- Aaron of Aleth, 6th-century saint
- Aaron of Auxerre, a bishop of Auxerre locally venerated as a saint
- Aaron of Caerleon (died 304), saint; British martyr
- Aaron of Pinsk (died 1841), rabbi and author of Tosafot Aharon
- Aaron (abbot) (died 1052), abbot of St. Martin, Cologne, Germany
- Aaron (Copt), a Miaphysite Coptic saint
- Aaron (Jaredite), a Jaredite king mentioned in the Book of Mormon
- Aaron (Lamanite), a Lamanite mentioned in the Book of Mormon
- Aaron (Nephite), the Nephite missionary mentioned in the Book of Mormon
- Aaron (saint), a saint of the Coptic Church
- Aaron the Illustrious (or Aaron of the nuts), an Armenian saint
- Teofilo Vargas Sein aka Aaron (born 1921), Puerto Rican religious leader
- Aaron I (9th century) Khazar
- Aaron II (Khazar) (10th century)
- Aron of Bulgaria (10th-century), Bulgarian noble
- Aaron the Upright or Harun al-Rashid (ca. 763-809), Abbasid Caliph
- Y-chromosomal Aaron, the hypothesised most recent common ancestor of many Kohanim
- Aaron Ciechanover (born 1947), Israeli Nobel laureate biologist
- Aaron Cohen, Deputy director of NASA
- Aaron Klug, British chemist and astrophysicist, Nobel laureate
- Aaron Sloman, artificial intelligence scientist
- AaRON French pop rock musical duo, consisting of Simon Buret and Olivier Coursier
- Aaron Aedy, rhythm guitarist of English doom metal band Paradise Lost
- Aaron Barrett, lead guitarist/vocalist of Reel Big Fish
- Aaron Carter (born 1987), American singer
- Aaron Copland, American composer, composition teacher, writer, and conductor
- Aaron Dismuke, American voice actor
- Aaron Eckhart (born 1968), American actor
- Aaron Funk, breakcore artist most popularly known as Venetian Snares
- Aaron Gillespie, the drummer/vocalist of UnderOath
- Aaron Lewis, member of band Staind
- Aaron Paul, American actor
- Elvis Aaron Presley, singer (born Elvis Aron Presley)
- Aaron Solowoniuk, member of band Billy Talent
- Aaron Sorkin, American screenwriter, producer and playwright
- Aaron Spelling, American film and television producer
- Aaron Stern, American musician
- Aaron Charles Wills, (born 1974), aka P-Nut member of band 311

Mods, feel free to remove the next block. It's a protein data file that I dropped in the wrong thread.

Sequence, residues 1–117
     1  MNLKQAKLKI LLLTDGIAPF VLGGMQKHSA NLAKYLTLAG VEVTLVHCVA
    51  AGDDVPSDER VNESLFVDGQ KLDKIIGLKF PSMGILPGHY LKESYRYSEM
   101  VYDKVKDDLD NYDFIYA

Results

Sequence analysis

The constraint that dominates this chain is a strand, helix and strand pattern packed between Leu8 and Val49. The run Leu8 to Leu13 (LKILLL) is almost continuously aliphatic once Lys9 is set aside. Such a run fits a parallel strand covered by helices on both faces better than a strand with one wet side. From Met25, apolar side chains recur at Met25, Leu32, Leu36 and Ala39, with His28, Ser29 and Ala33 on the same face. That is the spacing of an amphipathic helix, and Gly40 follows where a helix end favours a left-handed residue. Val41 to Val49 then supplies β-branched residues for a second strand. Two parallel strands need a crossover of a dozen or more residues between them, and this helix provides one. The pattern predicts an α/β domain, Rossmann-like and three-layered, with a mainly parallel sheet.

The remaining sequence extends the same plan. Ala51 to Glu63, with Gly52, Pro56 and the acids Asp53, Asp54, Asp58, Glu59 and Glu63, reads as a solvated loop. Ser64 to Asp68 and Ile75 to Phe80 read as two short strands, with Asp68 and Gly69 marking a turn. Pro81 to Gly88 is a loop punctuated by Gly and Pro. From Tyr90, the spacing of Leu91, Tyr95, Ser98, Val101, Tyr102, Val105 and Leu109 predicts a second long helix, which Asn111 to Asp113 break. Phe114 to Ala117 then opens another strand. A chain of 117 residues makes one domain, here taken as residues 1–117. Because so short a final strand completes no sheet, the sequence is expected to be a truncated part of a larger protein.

- Aaron Dontez Yates American rapper, also known as Tech N9NE
- Aaron Matts, lead vocalist of the French Deathcore band Betraying the Martyrs
Politics and business
- Aaron Aaronsohn (1876–1919), Romanian-born Jewish scientist, traveller, entrepreneur, and politician
- Aaron Burr (1756–1836), American politician
- Aaron Levie, founder and CEO of Box
- Aaron Montgomery Ward, American businessman
- Aaron Swartz (1986 ÷ 2013), American writer, internet campaigner, and entrepreneur
- Aaron Boone, American baseball player
- Aaron Downey, Canadian ice hockey player
- Aaron Feltham (born 1982), Canadian water polo player
- Aaron Fernandes (born 1956), Canadian field hockey player
- Aaron Fotheringham, American wheelchair athlete
- Aaron Garcia (born 1982), American boxer
- Aaron Gray (born 1984), American basketball player
- Aaron Hoey, Louth Gaelic footballer
- Aaron Hughes (born 1979), Northern Irish footballer
- Aaron Kernan, Armagh Gaelic footballer
- Aaron Lennon (born 1987), English footballer
- Aaron Miller, retired American ice hockey player
- Aaron Morris, Welsh footballer
- Aaron Parchem, American figure skater
- Aaron Peirsol, American swimmer
- Aaron Poreda, American major league baseball player
- Aaron Pryor, American boxer, a former world boxing champion
- Aaron Ramsey (born 1990), Welsh footballer
- Aaron Rodgers, Green Bay Packers quarterback
- Aaron Wilbraham (born 1979), English footballer
- Aaron Whitchurch (born 1992), Australian Rugby League player
- Aaron Woods (born 1991), Australian Rugby League player
- Aaron the moor, fictional character in Titus Andronicus by Shakespeare
- Aaron (Beyblade), fictional character in Beyblade
- Aaron (Pokémon), the first of four leaders in the Elite Four in Pokémon Diamond and Pearl and Pokémon Platinum
- Sir Aaron, a character in the film Pokémon: Lucario and the Mystery of Mew
- Aaron, a main character in Lunar Knights
- Aaron, son of Claire in Lost
- Aaron, a friend of Elena Gilbert in The Vampire Diaries
- Aaron Warner, a character in Shatter Me series
- "Jewish Names". jewfaq.org. Retrieved 2008-01-06.
- MFnames.com - Origin and Meaning of Aaron
- Superanskaya, p. 20
- Petrovsky, p. 31
- "The correct pronunciation of Latin according to Roman usage. Rev. Michael de Angelis CRM PhD, 1937.".
- L. Olausson, and C. Sangster. Oxford BBC Guide to Pronciation, Oxford University Press 2006, page 1.
- "Pronunciation Guide". Church of Latter Day Saints. Retrieved 2013-05-01.
- http://oxforddictionaries.com/definition/english/Aaron?q=aaron. Oxford English Dictionary, 2013.
- Wells, John C. (1990). "Aaron". Longman Pronunciation Dictionary. Harlow, UK: Longman. p. 2. ISBN 978-0-582-05383-0.
- Bible Pronunciation Guide. ed. William O. Walker III, Harper Collins, 1994, ISBN 0060689625
- "Website of the chief rabbi". Jonathan Sacks. Retrieved 2013-05-01.
- http://www.youtube.com/watch?v=_rsLl8wDLg4. Titus Andronicus, BBC Shakespeare video series, 1985. DVD ASIN:B000KPG7RA
- "Andra Mosenboken (Book of Exodus), Swedish Bible".
- "Eaxodus (Book of Exodus), Irish Bible".
- "About the King". Official Elvis Presley site. Retrieved 2013-05-01.
- http://oxforddictionaries.com/definition/american_english/Aaron. Oxford American English Dictionary
- "Chav: A Branded Guide to Britain's New Elite. Publisher: Crombie Jardine Publishing Limited, ISBN 1905102011".
- А. В. Суперанская (A. V. Superanskaya). "Современный словарь личных имён: Сравнение. Происхождение. Написание" (Modern Dictionary of First Names: Comparison. Origins. Spelling). Айрис-пресс. Москва, 2005. ISBN 5-8112-1399-9
- Н. А. Петровский (N. A. Petrovsky). "Словарь русских личных имён" (Dictionary of Russian First Names). ООО Издательство "АСТ". Москва, 2005. ISBN 5-17-002940-3